Understanding how to remove or break down an adhesive bond is important, whether to clean up a spill, to disassemble a unit for repair, or simply to know what will cause the bond to fail to avoid bond failure.
There are three basic methods of de-bonding:
o Physical Stress
Often these methods are combined to remove the adhesive. For example to remove cyanoacrylate from a nonporous work surface one might soak the area in acetone and then scrape the adhesive off.
To remove silicone caulk, a bit of heat with a hot air gun softens the material so it is easily peeled up.
Even the strongest adhesive bonds can be removed by heating beyond the adhesives thermal capability. A blow torch can be used to heat permanent, high strength, threadlockers enough to chemically change them (to burn the adhesive off).
Refer to the technical product data sheet for information on thermal resistance, solubility and clean up. Familiarize yourself with any precautions regarding clean up. For most products simply wiping the uncured product up with paper towels is recommended, however, with cyanoacrylates (instant adhesives), wiping up large spills with paper towels can cause smoke and strong irritating vapors. Spilled cyanoacrylate should be flooded with water which will cause the liquid to cure. The cured material can then be scraped from the surface or dissolved with acetone.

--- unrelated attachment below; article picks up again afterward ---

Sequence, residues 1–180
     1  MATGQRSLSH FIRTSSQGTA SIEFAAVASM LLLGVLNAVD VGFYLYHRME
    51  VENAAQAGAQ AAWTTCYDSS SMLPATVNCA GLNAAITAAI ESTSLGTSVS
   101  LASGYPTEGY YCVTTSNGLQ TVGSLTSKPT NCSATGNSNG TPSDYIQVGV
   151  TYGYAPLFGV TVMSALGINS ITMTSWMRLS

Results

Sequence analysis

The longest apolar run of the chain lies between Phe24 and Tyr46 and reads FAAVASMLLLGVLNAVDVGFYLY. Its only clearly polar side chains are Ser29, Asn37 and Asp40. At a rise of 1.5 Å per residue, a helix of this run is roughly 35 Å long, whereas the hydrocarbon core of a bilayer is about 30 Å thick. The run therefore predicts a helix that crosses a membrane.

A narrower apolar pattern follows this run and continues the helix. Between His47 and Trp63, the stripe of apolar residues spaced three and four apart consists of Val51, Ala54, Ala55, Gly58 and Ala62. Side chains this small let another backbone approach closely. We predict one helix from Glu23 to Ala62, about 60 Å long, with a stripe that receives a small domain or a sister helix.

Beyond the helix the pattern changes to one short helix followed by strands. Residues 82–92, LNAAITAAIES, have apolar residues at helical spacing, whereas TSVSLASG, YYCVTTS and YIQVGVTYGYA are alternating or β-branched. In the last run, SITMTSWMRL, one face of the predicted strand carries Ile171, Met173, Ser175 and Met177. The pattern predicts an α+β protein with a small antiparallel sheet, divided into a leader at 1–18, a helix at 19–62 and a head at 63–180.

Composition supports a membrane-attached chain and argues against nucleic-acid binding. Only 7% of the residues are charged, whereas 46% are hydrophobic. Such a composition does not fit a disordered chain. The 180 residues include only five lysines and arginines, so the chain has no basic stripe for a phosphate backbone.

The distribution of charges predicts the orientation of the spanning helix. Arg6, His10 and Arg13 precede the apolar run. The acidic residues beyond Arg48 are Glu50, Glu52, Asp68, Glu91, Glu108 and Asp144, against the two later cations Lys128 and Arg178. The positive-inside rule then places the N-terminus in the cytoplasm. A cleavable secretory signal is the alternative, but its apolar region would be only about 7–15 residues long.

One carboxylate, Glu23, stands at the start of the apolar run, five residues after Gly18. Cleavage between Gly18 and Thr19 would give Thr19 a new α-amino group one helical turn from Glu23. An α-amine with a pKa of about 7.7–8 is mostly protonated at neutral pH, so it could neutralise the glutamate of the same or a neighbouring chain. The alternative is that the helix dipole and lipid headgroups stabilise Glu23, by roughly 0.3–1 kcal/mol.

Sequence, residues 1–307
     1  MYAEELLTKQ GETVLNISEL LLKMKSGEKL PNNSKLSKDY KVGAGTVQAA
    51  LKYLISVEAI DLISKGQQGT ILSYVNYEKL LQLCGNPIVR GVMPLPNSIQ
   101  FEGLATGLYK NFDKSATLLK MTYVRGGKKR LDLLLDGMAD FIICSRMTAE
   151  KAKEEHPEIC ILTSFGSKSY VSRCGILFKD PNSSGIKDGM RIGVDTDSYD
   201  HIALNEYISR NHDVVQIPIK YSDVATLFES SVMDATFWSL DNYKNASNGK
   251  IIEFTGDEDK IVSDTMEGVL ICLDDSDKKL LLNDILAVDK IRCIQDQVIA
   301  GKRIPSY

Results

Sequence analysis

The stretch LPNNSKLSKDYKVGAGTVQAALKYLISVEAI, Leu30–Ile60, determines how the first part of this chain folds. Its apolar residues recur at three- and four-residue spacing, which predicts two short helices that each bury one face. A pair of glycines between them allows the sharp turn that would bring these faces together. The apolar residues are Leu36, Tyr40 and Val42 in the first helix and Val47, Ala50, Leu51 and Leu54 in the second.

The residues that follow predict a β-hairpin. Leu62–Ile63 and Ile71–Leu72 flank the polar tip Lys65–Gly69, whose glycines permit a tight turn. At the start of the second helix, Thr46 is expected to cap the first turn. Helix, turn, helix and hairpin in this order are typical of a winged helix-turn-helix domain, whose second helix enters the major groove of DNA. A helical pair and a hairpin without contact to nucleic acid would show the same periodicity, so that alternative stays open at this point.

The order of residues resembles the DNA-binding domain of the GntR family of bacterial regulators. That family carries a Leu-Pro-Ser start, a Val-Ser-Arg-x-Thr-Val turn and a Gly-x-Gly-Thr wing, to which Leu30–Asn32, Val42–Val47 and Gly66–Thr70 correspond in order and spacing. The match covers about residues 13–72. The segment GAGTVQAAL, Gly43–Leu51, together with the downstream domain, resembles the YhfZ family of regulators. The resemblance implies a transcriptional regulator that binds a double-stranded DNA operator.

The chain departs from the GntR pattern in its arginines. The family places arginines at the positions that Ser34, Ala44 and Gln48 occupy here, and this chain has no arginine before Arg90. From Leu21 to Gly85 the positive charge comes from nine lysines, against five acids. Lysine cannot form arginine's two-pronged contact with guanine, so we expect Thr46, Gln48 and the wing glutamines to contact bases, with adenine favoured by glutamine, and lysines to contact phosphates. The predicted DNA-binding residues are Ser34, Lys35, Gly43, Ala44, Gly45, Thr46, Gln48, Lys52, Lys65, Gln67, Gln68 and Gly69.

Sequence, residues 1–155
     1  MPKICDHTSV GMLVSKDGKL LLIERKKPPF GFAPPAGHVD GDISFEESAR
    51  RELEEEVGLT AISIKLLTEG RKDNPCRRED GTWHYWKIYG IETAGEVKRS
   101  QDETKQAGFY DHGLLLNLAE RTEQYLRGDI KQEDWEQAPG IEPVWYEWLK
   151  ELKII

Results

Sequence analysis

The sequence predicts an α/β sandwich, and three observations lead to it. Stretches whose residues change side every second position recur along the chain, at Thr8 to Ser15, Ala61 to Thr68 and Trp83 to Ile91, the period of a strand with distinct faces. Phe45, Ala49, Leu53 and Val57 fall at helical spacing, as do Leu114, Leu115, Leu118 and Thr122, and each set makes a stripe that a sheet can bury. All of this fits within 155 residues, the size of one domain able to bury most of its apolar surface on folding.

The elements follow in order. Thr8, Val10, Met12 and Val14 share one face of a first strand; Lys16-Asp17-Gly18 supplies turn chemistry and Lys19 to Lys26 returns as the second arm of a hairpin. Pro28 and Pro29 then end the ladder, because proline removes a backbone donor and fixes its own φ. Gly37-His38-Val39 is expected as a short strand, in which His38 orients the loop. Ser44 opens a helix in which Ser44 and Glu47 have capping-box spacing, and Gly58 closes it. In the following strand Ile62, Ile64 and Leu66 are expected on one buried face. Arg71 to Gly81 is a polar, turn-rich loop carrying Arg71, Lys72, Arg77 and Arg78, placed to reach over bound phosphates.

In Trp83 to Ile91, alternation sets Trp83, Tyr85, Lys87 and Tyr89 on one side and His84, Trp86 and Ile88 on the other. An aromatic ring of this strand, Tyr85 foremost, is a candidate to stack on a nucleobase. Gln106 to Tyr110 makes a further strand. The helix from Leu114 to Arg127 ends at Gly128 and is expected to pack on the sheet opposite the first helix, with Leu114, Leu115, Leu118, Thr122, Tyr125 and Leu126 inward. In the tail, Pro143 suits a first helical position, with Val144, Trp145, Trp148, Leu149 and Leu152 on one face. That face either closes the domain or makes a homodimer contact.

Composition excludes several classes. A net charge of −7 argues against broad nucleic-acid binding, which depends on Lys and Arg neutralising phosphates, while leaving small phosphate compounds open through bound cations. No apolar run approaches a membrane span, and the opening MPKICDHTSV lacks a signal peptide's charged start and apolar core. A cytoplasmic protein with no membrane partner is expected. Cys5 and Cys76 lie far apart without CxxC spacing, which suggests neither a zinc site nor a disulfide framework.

If solvents and thermal removal are undesirable, consider means of physical bond deformation through adhesive or cohesive failure. Adhesive failure causes the adhesive bond to the substrate to fail. Some adhesives are very strong in tensile but have poor peel resistance. Forcing the bond into peel mode may provide you the desired failure. Very soft adhesives are often desired for their shock absorbing properties but these may be torn down the middle. Thus leaving the adhesive on both surfaces but separating the two components all the same.